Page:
Speaking in terms of panels, this four panel Pratt truss has the least number of panels that a "full-slope" Pratt can have. Only a half-hip Pratt could have less.
This attractive bridge features original lattice railings and sits on concrete abutments. Despite a complete lack of v-lacing on its members and chords, this bridge is a very picturesque small bridge. Nestled back in the woods on a quiet rural road, this bridge with its blue paint looked nice against the green trees and a stony Aukerman Creek running under it. This bridge shows how a vibrant paint color can help a historic truss bridge stand out. It really showed its potential here, where the soft, but noticeable paint color helps the bridge stand out and be noticed, but yet not look too gaudy. Sometimes, restored historic truss bridges get painted darker, bland colors like brown or black, and these colors tend to hide the details of the truss and do not help it stand out.
Regardless of its attributes, this historic bridge was demolished and replaced with an ugly modern bridge that looks like little more than a slab of concrete. Despite the small size of this bridge which would result in inexpensive restoration costs, and the non-existent traffic that a modern two-lane bridge serves here, this historic artifact has been lost forever thanks to shortsightedness and wasteful spending. The new bridge is a distasteful scar on the scenic wooded landscape in the area.
Information and Findings From Ohio's Historic Bridge Inventory
The bridge carries a 1-lane road over a stream in a wooded rural setting. There is a modern house beyond one quadrant.
The 1-span, 52'-long, rivet-connected, Pratt pony truss bridge is supported on concrete abutments. The bridge's members are built-up with toe-out channels with cover plate and battens for the upper chords. The verticals were originally two pairs of angles, but these have been truncated/altered at about mid-height and strengthened by the addition of welded channels that continue downward to pick up the floorbeams by welded connections, replacing the original riveted connections. Some rivets have also been replaced at the lower panel gusset plates. The lower chords and diagonals are paired channels with battens. At the ends of the truss, plate has been welded to the lower chords and end-post cover plates as a strengthening measure. The bridge has rolled floorbeams, stringers, and a timber deck. The floorbeams have been strengthened by the addition of welded channels to the lower flanges at the ends of the beams. Riveted lattice railings are placed inside the truss lines. There is no builder's plaque.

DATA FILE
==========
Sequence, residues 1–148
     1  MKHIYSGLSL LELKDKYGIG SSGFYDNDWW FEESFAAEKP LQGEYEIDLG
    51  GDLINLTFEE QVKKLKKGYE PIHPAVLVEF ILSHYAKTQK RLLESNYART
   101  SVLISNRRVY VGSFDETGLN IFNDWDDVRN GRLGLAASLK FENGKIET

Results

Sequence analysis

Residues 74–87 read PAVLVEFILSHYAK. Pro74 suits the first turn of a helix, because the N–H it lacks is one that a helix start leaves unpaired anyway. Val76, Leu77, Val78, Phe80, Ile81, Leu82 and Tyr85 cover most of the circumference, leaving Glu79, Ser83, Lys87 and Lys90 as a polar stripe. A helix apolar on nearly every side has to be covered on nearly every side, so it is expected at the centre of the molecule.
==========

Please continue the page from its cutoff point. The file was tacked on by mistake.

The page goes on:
The integrity of original design has been compromised by the alterations to the riveted connections at the lower panel points, including replacement of rivets with bolts and welded connections. Many members (verticals, end posts, lower chords, and floorbeams) have irreversible welded repairs and the addition of plate. The welded repairs appear to post-date the prior ODOT truss survey photos (ca. 1980).
Summary of Significance
The rivet-connected Pratt pony truss dates ca. 1915 by style but the builder is not documented by available county records. It has alterations that have impacted the integrity of original design, significantly
impacting the appearance and function of the truss connections. More complete and documented examples of riveted-connected trusses of similar age and design have been identified and better represent the significance of the truss
type to the development of Ohio's highway systems. The not eligible recommendation of the prior inventory remains appropriate.
Bridge Considered Historic By Survey: No
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This historic bridge has been demolished. This map is shown for reference purposes only.
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